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It may have taken 90 years, but New York City’s cabaret law—which effectively bans dancing in bars and clubs around the city—is finally on the cusp of being repealed. The City Council is expected to vote in favor of abolishing it on Tuesday, following a years-long battle by activists, politicians, lawyers and even one former mayor keen to put an end to a Jazz Age edict originally penned to keep black and white people from dancing together.

“This is really exciting,” Councilman Rafael Espinal, the bill’s main sponsor, told Jezebel. “It’s a great first step, showing that the city is serious about revitalizing its night time economy, and that it will not get in the way of its residents from being able to fully express themselves.”

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But repeal of the law—which prohibits dancing by three or more people in any commercial establishment where music is played—is indeed only a first step, since the real challenge lies in augmenting the city’s zoning laws. If the repeal passes on Tuesday as expected, dancing will still be legal only in the city’s commercial manufacturing districts, known as Use Group 12. It’s not a small area, as you can see from the map below (UG 12 is marked in blue), but it certainly doesn’t include the city’s essential entertainment corridors, like the Lower East Side and the East Village.

Espinal said that changing the zoning laws may take a few more years, though he predicts it will be an ideal project for the newly created Office of Nightlife to tackle. The goal of the new agency is to manage the relationship between residents and those with a stake in going out, namely partygoers and business owners. Those two groups have a notoriously contentious history, and the law has been a very handy cudgel for NIMBYs eager to shut down establishments they deem bothersome, to the detriment of the city’s once-vibrant nightlife culture. As one bar owner told the Village Voice in March:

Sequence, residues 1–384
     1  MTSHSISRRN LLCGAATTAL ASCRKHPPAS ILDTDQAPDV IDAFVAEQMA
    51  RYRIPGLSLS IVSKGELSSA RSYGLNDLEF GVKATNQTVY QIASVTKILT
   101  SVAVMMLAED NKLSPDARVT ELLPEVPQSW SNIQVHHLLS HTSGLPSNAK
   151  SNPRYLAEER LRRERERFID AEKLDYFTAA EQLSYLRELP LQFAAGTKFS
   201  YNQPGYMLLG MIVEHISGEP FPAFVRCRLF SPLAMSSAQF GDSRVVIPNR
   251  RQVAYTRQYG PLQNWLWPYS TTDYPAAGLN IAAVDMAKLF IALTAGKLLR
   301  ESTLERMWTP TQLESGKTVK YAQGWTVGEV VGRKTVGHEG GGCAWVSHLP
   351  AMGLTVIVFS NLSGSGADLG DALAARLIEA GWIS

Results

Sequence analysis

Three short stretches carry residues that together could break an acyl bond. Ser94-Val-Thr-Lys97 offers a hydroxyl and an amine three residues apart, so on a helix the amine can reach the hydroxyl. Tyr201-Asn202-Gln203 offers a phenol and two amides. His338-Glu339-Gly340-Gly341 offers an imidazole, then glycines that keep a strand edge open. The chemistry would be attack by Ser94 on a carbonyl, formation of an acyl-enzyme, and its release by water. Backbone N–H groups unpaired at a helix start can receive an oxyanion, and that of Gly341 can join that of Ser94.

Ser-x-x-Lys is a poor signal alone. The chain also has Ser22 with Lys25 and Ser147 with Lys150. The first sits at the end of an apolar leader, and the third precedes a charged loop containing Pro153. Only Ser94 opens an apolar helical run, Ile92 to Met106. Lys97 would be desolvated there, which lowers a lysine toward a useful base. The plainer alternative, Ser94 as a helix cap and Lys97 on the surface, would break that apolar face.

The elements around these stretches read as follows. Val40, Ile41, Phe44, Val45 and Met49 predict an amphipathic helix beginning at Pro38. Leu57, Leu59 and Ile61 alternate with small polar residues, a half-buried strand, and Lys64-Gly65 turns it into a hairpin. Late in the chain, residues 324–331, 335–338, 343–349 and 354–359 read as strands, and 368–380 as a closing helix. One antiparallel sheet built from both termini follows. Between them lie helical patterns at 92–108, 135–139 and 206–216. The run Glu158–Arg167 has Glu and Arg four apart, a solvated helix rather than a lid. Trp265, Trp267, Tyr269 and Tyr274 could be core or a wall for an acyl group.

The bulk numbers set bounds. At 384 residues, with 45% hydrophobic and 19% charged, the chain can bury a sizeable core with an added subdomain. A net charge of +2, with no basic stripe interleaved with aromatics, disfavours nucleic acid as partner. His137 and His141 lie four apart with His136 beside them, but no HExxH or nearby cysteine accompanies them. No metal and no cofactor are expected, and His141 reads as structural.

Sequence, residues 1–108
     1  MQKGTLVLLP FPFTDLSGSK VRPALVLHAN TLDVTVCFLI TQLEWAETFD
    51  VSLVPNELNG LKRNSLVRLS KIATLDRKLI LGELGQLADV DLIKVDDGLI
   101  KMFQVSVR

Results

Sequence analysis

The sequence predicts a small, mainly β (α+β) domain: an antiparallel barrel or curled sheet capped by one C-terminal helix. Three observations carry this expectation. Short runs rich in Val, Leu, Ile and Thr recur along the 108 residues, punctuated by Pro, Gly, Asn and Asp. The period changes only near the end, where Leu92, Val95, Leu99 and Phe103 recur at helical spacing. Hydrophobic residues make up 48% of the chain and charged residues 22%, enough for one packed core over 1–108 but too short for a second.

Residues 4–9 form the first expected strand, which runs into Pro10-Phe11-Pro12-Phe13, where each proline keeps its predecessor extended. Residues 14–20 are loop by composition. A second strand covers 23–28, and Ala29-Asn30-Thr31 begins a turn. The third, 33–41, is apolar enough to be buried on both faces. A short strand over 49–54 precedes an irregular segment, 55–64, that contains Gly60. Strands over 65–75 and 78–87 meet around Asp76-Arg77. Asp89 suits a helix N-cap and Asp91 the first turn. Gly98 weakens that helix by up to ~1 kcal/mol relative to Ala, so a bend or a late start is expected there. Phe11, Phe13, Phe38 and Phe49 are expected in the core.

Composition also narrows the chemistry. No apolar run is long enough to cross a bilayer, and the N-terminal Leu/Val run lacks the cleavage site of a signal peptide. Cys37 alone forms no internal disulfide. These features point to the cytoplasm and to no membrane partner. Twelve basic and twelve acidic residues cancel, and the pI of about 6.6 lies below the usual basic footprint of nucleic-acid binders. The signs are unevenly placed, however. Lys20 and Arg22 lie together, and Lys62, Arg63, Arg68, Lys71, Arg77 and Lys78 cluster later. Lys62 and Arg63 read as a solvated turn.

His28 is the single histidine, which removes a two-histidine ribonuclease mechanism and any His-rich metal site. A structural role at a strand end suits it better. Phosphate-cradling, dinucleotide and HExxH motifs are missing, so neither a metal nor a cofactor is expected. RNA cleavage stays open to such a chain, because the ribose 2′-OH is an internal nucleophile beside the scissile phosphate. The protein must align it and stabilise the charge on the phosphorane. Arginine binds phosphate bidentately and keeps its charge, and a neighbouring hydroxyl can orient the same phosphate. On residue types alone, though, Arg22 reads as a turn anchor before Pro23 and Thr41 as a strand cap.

“Whether they don’t like you because you’re particularly loud or rowdy, or because you’re associated with organized crime, or because you’re a gay bar in a more conservative neighborhood, they can waltz in and say ‘this person was dancing to the jukebox.’ They can pull your liquor license, and you don’t exist anymore.”

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But Andrew Muchmore, a lawyer and owner of the bar Muchmore’s in Williamsburg, suspects the issue of zoning will ultimately be a relatively minor problem.

“It’s the trickiest part, but I see what’s happening tomorrow as getting us most of the way there,” he said in a phone interview. “Officers don’t write summonses based on zoning issues, and you’d be hard pressed to find an officer that even understands it.”

Muchmore, who in 2014 filed a lawsuit in attempt to have the cabaret law ruled unconstitutional, attributes tomorrow’s (probable) victory to a sustained effort from grassroots organizations and the refusal to let it be brushed under the rug as it has so many times in the past. He said he intends to drop his lawsuit for now, though if progress isn’t being made on resolving the zoning amendment in the next year, he will file fresh paperwork and have it revived.